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26 March 2019, 06:34
Ballots should be considered for allocating places at the country's top state schools to give disadvantaged pupils more equal access, according to a new report.
The study, published by the Sutton Trust, found the top performing 70 state schools in Scotland take half as many disadvantaged pupils as the national average and the school system is "highly socially segregated".
These top schools have an average of 8.2% of pupils who are registered for free school meals (FSM), about half of the average rate for all schools nationally (16.3%), the report found.
The report, by researchers at the National Foundation for Educational Research (NFER), found high-performing Scottish schools are quite reflective of their local area, with around four out of five top performing schools ranked in the 40% most affluent areas of the country.
While 57% of top performing schools take slightly fewer disadvantaged pupils than their catchment area, 39% take slightly more.
The Sutton Trust is now calling for changes to the admissions process that include considering the level of socioeconomic diversity when drawing up catchment areas.
In the longer term, the report recommends the Scottish Government, local councils and schools consider a system with fewer incentives for middle class parents to buy homes in the catchment areas of top schools.
Allocating a proportion of places randomly, such as half through a ballot system, could form a central part of this approach.
Sir Peter Lampl, founder and chairman of the Sutton Trust, said: "Getting a place at a good school is key to getting on in life.
"Yet the bottom line is that in Scotland your chances of doing that depends on your parents' income and whether they can afford to live in an affluent area.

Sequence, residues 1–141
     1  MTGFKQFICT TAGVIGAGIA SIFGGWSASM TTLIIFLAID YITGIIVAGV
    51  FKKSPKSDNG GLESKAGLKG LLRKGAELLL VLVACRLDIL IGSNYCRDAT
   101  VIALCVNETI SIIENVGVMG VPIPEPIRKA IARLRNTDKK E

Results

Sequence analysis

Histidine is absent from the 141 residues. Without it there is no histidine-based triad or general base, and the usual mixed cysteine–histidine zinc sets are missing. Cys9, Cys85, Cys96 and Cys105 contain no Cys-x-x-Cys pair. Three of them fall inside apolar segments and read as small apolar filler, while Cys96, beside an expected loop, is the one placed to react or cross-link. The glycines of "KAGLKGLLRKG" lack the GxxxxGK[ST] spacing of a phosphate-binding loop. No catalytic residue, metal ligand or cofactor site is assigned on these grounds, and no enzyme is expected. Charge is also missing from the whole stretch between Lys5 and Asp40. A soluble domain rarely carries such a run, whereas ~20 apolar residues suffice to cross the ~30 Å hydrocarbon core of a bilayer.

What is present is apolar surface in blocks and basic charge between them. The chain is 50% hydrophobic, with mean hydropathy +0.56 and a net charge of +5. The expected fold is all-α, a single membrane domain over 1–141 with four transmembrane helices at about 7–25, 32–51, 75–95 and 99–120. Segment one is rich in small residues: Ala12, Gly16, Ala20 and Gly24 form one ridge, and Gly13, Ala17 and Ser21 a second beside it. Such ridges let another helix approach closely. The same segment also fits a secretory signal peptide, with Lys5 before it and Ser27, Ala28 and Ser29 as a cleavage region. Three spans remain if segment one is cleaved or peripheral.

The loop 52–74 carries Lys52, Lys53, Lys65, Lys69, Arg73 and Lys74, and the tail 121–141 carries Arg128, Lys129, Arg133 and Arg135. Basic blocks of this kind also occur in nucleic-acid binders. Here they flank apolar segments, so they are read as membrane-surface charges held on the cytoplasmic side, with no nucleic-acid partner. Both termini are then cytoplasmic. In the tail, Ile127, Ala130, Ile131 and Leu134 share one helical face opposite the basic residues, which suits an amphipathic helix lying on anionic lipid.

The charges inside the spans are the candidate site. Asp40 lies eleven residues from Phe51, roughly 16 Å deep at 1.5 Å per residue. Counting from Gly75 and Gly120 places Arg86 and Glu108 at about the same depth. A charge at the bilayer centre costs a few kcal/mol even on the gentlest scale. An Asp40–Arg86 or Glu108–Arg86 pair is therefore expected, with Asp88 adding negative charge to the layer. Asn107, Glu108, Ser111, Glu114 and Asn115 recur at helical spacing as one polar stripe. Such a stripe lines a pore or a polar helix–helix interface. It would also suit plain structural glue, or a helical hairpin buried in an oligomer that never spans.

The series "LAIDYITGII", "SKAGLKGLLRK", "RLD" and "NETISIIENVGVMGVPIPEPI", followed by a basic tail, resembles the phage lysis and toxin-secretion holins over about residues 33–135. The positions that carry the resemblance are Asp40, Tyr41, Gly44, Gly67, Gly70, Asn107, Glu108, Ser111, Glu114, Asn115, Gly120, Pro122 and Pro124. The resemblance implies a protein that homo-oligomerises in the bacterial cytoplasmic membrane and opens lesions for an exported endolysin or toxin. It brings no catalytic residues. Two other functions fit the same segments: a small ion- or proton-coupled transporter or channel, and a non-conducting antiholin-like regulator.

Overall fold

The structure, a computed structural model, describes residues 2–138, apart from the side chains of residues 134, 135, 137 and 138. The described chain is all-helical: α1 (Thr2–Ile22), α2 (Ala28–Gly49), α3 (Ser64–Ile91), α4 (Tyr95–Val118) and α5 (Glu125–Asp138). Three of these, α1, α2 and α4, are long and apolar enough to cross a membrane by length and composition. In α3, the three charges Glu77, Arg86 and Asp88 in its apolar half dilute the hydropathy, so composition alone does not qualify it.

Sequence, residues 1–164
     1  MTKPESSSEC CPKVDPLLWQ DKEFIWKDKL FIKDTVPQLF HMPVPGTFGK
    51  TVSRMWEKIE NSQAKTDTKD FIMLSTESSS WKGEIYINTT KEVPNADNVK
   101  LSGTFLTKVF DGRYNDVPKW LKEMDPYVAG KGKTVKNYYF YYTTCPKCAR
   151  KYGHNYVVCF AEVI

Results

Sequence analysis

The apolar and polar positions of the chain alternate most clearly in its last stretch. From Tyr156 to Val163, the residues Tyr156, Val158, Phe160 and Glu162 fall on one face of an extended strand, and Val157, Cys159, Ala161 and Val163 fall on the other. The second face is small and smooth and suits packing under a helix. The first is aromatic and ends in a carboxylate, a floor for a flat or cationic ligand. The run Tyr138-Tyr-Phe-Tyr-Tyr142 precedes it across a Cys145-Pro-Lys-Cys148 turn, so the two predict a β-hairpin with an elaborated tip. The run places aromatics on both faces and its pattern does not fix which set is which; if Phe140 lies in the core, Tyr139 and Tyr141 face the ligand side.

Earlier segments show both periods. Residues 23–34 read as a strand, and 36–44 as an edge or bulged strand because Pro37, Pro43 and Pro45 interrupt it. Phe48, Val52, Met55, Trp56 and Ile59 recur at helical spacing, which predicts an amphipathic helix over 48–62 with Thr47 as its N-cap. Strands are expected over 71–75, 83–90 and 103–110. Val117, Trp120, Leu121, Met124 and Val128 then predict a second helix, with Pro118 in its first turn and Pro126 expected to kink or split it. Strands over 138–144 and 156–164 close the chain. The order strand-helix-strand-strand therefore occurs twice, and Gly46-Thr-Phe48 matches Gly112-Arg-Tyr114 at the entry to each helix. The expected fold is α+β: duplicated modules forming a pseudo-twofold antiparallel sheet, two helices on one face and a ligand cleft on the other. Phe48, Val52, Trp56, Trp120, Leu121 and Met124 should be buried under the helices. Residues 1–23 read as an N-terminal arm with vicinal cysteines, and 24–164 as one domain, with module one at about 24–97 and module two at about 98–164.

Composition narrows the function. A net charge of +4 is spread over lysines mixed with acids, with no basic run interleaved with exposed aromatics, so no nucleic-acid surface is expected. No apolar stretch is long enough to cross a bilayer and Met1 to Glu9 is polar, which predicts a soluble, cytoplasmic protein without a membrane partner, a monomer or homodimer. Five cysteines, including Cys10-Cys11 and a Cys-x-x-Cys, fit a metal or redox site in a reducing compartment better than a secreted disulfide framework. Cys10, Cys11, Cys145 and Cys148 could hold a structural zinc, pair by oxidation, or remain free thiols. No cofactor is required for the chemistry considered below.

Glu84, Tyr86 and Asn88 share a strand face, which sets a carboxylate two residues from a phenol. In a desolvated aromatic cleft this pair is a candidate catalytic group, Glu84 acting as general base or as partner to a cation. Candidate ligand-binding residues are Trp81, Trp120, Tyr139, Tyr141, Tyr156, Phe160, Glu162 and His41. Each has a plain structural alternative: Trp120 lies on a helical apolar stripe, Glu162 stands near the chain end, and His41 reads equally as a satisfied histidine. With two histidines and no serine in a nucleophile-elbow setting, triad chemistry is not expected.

"This is why we want to see more use of ballots - where a proportion of places is allocated randomly - as well as a focus on improving the quality of teaching in all schools, particularly those in the most disadvantaged areas."
The 70 top performing state schools in Scotland were calculated based on the proportion of pupils achieving at least 4 A to C grades in their SCQF level 5 qualifications.
The report also recommended deprived families should receive greater support in terms of transport to enable children to attend a school outwith their immediate area, and there should be a focus on improving standards at schools in deprived areas.
Deputy First Minister John Swinney said: "This report highlights that the poverty-related attainment gap is faced across the UK.
"We want to see excellence for every pupil, in every school, and are investing £750 million in the Scottish Attainment Challenge to narrow the gap between pupils from the most and least deprived communities. Latest data shows improvements with the gap closing among pupils at Higher level and among young people going on to study, train or work.
"Schools should serve everyone in their community and a ballot process would completely undermine that link."
Scottish Labour education spokesman Iain Gray MSP said: "Scottish Labour strongly supports local schools serving their local communities and does not support changing that.
"But this report does provide more evidence of what Labour has been saying for some time - that there is a shocking attainment gap between the richest and poorest children in our communities.
"Another generation are being left behind despite the promises from SNP politicians."